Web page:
business hours.

5. Demand for non residential charging stations will be dampened by the
ever increasing driving range of EV’s.

6. The residential requirement for 100% of units to have charging
station is excessive. (At 777 Hamilton 6% of residents own an EV.)

7. Technology is changing rapidly in this embryonic industry. 2018
chargers will be obsolete by 2023; so why install now for a guestimate of
2023+ demand.

8. Do not wire for future EV spaces. Wiring requirements will change
over time. Install conduit, and pull wires when needed.



*Justification---*No where in the staff report or ordinance is there a
statement of the problem and how the ordinance will address that problem.
Instead we are given the explanation that “several members [of the City
Council] expressed interest in expanding the regulations” (Staff Report
18-168-CC, pg 1) and the truism that “access to EV infrastructure is an
important part of making EV a success” (pg 2). It is not demonstrated that
the EV charging needs in the city are not or will not be met under current
Cal Green regulations. We have an admirable desire that is not supported by
any factual assessment of demand or the amount of supply dictated by the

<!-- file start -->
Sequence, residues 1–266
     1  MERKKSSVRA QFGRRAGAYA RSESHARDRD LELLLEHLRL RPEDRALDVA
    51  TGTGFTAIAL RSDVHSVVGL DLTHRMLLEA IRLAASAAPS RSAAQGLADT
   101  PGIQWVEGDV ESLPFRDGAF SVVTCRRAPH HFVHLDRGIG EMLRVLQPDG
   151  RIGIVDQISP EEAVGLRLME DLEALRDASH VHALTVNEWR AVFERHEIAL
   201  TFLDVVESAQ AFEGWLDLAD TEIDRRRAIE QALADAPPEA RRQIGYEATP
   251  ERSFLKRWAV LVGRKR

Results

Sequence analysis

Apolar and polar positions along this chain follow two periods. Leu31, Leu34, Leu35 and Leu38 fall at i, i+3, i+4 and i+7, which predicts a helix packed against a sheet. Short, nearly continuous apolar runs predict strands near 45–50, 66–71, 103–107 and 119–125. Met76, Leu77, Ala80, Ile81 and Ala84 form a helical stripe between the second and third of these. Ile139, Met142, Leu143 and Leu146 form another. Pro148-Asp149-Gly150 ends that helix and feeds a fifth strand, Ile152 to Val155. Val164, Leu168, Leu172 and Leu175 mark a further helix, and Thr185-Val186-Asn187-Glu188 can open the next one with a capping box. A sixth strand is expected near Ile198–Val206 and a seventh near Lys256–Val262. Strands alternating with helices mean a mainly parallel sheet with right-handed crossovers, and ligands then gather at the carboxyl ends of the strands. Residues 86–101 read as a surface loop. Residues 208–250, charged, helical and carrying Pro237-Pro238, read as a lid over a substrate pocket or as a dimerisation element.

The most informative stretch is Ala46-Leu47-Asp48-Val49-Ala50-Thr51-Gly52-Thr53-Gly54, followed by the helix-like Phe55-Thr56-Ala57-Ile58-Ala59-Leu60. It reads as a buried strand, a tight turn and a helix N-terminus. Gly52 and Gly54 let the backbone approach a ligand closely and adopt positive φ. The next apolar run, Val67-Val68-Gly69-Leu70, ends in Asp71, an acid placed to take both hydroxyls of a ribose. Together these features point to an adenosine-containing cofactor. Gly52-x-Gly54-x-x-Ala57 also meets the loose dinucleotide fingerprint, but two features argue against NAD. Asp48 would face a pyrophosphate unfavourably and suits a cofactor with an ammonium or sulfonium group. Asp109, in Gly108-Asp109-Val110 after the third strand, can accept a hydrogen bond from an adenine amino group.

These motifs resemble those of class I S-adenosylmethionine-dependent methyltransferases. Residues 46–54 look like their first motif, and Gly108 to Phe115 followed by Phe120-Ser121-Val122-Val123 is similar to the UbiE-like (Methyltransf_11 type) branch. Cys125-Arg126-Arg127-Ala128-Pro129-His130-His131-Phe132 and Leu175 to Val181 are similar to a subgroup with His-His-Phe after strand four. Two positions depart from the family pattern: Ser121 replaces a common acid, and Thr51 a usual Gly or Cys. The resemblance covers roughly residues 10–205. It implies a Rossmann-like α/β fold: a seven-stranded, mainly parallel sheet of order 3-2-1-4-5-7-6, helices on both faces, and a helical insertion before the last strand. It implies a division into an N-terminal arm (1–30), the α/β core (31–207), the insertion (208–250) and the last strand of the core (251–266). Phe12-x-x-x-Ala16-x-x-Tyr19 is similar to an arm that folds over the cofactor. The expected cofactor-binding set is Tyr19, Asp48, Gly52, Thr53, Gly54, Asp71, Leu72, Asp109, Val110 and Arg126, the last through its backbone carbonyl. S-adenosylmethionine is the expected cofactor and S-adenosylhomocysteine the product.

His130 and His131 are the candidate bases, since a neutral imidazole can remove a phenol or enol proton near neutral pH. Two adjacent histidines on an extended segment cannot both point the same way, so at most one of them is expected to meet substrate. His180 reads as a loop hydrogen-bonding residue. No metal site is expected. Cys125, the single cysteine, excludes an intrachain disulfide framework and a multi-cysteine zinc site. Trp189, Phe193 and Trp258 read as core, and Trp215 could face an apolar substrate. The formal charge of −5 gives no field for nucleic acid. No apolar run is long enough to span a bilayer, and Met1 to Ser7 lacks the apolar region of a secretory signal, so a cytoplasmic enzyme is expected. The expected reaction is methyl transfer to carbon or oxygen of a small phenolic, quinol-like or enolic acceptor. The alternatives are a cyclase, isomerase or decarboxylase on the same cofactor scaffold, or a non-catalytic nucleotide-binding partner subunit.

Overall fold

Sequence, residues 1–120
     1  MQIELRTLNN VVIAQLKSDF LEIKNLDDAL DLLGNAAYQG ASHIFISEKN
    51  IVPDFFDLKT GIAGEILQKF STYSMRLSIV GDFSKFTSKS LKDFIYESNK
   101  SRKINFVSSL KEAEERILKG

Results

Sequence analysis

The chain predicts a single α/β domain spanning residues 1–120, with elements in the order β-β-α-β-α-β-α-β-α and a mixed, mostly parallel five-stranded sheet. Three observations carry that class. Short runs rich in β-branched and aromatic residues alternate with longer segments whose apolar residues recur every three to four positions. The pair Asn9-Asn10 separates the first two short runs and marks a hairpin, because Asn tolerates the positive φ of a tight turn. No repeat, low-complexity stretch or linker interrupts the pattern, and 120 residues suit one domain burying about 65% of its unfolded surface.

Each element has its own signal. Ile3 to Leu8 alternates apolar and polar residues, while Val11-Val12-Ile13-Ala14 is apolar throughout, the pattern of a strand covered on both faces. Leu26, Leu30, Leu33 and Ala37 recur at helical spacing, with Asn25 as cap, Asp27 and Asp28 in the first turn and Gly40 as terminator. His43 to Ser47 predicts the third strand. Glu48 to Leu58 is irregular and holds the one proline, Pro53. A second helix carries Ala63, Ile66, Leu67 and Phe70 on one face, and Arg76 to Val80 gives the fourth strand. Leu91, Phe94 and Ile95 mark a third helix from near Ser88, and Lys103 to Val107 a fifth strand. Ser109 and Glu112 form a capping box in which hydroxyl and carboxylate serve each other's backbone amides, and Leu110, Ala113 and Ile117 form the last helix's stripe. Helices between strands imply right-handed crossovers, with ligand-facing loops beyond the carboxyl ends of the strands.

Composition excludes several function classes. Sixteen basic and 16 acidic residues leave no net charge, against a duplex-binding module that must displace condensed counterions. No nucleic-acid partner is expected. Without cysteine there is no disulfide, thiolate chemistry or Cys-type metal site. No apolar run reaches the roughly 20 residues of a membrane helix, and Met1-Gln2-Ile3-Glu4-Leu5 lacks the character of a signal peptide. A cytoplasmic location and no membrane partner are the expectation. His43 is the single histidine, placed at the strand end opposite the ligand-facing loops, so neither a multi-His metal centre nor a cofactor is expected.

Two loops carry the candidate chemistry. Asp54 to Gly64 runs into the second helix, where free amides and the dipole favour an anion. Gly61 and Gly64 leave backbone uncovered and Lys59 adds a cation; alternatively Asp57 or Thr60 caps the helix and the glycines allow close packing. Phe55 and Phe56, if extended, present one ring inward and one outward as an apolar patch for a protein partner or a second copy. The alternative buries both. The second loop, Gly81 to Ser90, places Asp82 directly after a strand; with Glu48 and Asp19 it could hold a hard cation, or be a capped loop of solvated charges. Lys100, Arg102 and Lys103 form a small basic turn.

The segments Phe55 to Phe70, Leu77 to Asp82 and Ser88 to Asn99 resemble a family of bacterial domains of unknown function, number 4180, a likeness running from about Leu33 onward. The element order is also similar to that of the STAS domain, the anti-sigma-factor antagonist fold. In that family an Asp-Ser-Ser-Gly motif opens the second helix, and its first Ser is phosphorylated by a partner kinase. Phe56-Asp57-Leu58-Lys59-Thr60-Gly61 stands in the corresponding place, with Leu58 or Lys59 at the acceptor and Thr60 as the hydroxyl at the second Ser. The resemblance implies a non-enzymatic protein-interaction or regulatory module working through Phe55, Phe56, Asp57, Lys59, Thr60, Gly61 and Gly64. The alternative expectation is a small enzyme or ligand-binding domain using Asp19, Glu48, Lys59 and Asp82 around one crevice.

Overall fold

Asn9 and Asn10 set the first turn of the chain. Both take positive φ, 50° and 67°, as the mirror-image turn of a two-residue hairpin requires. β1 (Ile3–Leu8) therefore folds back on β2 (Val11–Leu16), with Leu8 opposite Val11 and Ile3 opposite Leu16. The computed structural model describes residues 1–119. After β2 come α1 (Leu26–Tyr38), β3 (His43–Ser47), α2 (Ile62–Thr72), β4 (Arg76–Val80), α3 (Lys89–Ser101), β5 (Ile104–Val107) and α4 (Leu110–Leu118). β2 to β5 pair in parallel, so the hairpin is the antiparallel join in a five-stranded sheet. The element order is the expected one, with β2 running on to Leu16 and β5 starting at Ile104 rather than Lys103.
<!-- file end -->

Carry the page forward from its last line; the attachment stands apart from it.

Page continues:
proposed ordinance.



*Current EV Charger Supply Greater than Demand*—At 15% of commercial
parking spaces, the number of EV charging spaces will be substantially
greater than demand, thereby leaving EV chargers spaces empty. Non-EV auto
drivers are inclined not to park in an “EV space”. Effectively, this City
ordinance would reduce the number of available parking spaces in any
development by requiring more EV charger spaces than currently demanded. At
our Hamilton apartment community of 195 apartment units, there are
currently 12 EV autos (6% of the units ) owned by residents. The proposed
requirement of one EV charger per unit is 15 times more than current demand
as shown by a new apartment community with a very tech oriented resident
population. At Hamilton, we installed more EV charger spaces than